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Sci Rep. 2017 Aug 29;7(1):9906. doi: 10.1038/s41598-017-09972-x.

Retrograde trafficking of β-dystroglycan from the plasma membrane to the nucleus.

Author information

1
Departamento de Genética y Biología Molecular, Centro de Investigación y de Estudios Avanzados del Instituto Politécnico Nacional (CINVESTAV), Ciudad de México, Mexico, Mexico.
2
Laboratory of Protein Dynamics and Signaling, Center for Cancer Research-Frederick, National Cancer Institute, National Institutes of Health, Frederick, MD, 21702, USA.
3
Instituto de Fisiología Celular, Universidad Nacional Autónoma de Mexico, Ciudad de Mexico, Mexico, Mexico.
4
Department of Biomedical Science, University of Sheffield, Western Bank, Sheffield, S10 2TN, United Kingdom.
5
Departamento de Genética y Biología Molecular, Centro de Investigación y de Estudios Avanzados del Instituto Politécnico Nacional (CINVESTAV), Ciudad de México, Mexico, Mexico. bcisnero@cinvestav.mx.

Abstract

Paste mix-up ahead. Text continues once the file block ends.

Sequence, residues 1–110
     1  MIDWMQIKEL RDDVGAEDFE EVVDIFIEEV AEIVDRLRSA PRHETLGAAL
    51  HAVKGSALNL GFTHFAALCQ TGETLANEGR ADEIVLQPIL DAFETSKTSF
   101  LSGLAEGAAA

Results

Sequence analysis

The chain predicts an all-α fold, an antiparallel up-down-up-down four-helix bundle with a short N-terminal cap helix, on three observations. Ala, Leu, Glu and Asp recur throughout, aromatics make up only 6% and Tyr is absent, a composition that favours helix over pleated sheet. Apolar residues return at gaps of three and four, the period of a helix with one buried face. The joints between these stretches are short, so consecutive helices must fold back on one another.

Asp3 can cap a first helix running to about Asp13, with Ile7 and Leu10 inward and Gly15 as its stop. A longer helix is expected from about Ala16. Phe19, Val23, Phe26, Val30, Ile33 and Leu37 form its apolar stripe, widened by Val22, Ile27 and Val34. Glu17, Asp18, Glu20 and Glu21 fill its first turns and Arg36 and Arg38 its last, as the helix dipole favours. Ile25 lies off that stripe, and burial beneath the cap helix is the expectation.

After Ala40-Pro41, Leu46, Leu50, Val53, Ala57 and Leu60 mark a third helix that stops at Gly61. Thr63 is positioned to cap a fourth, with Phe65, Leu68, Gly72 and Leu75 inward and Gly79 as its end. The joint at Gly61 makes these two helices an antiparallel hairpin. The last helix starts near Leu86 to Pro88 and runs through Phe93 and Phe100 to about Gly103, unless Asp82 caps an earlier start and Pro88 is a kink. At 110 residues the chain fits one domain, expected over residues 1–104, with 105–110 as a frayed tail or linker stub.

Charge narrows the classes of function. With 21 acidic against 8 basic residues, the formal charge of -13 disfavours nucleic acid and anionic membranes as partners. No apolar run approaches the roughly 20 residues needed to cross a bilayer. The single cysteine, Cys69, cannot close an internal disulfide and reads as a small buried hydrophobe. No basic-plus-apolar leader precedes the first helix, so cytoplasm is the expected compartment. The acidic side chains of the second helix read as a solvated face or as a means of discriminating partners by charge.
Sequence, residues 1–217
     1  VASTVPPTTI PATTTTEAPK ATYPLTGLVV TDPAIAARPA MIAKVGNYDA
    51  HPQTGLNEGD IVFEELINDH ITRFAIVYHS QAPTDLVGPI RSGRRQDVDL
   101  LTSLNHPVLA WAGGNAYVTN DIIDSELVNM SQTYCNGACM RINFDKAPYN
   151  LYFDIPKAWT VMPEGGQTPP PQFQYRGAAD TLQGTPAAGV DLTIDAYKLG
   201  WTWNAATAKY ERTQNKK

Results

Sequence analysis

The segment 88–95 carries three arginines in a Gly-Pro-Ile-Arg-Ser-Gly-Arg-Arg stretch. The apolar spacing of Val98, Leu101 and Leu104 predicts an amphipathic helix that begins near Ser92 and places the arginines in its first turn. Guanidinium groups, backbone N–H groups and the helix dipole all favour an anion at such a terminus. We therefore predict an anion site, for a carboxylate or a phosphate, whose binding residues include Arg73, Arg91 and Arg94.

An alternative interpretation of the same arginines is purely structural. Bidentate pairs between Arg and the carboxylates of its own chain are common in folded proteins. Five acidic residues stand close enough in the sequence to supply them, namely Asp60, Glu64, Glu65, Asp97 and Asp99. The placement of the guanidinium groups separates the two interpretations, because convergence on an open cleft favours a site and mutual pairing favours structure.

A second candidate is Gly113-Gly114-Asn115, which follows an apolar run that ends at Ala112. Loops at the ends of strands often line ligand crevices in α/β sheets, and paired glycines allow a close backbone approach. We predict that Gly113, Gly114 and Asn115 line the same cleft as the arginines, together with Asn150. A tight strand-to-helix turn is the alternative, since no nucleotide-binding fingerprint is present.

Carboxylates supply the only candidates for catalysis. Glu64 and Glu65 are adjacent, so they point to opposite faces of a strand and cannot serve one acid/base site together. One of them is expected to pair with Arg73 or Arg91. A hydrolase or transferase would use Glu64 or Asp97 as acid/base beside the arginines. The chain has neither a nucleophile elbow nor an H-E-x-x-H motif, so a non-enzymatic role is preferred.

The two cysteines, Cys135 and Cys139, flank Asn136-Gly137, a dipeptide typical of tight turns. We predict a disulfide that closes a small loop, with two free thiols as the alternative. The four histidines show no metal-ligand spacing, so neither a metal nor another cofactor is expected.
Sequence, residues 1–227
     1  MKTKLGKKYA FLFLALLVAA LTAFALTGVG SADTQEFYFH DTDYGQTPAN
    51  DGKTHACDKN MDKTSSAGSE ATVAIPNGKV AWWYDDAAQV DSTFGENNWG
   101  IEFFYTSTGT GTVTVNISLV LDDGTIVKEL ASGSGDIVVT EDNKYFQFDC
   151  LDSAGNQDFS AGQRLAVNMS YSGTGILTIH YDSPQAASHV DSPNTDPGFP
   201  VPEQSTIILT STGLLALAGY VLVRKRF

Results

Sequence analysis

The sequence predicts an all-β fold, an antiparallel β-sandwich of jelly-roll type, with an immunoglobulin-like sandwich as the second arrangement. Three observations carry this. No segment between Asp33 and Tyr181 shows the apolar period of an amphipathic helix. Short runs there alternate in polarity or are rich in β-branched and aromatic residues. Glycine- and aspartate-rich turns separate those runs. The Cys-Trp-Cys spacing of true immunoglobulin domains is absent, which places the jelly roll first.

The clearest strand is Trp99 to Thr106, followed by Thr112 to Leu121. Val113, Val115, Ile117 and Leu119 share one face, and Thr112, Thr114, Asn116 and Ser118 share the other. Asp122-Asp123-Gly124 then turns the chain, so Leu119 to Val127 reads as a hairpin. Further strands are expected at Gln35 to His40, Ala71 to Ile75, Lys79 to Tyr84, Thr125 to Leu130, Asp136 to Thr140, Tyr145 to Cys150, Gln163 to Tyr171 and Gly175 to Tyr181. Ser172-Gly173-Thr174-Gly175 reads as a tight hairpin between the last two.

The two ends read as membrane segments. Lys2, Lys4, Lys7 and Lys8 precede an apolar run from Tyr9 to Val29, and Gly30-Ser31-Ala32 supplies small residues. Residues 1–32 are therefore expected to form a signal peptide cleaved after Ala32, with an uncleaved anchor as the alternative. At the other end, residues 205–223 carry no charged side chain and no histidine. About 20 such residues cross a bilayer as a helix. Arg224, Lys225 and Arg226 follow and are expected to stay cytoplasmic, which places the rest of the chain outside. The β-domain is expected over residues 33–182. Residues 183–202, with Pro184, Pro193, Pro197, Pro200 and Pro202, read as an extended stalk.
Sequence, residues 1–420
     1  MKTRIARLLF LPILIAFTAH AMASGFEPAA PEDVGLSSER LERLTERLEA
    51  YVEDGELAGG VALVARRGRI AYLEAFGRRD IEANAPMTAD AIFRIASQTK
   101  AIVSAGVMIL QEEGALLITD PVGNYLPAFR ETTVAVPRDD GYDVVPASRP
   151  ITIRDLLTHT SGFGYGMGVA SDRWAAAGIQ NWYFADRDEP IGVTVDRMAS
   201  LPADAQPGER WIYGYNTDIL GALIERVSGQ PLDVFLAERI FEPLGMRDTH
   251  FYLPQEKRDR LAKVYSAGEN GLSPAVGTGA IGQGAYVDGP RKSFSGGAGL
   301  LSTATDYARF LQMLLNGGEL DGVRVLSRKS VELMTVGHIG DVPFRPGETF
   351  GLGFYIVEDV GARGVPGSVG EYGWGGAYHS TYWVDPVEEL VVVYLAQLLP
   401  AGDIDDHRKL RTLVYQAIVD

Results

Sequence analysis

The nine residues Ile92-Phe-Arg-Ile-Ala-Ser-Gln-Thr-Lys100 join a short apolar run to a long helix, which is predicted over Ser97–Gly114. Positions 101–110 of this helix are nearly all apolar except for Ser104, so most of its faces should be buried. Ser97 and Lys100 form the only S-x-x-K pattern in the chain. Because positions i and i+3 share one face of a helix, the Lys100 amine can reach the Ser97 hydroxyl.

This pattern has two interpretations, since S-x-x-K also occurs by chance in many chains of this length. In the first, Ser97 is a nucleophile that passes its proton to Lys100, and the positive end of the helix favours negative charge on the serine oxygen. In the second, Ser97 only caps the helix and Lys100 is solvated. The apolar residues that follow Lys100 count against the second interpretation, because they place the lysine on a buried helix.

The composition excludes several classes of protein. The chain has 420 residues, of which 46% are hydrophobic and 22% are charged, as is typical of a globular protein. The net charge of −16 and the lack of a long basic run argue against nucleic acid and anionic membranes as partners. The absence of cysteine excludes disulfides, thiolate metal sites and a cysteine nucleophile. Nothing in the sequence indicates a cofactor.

β-Dystroglycan (β-DG) is a transmembrane protein with critical roles in cell adhesion, cytoskeleton remodeling and nuclear architecture. This functional diversity is attributed to the ability of β-DG to target to, and conform specific protein assemblies at the plasma membrane (PM) and nuclear envelope (NE). Although a classical NLS and importin α/β mediated nuclear import pathway has already been described for β-DG, the intracellular trafficking route by which β-DG reaches the nucleus is unknown. In this study, we demonstrated that β-DG undergoes retrograde intracellular trafficking from the PM to the nucleus via the endosome-ER network. Furthermore, we provided evidence indicating that the translocon complex Sec61 mediates the release of β-DG from the ER membrane, making it accessible for importins and nuclear import. Finally, we show that phosphorylation of β-DG at Tyr890 is a key stimulus for β-DG nuclear translocation. Collectively our data describe the retrograde intracellular trafficking route that β-DG follows from PM to the nucleus. This dual role for a cell adhesion receptor permits the cell to functionally connect the PM with the nucleus and represents to our knowledge the first example of a cell adhesion receptor exhibiting retrograde nuclear trafficking and having dual roles in PM and NE.

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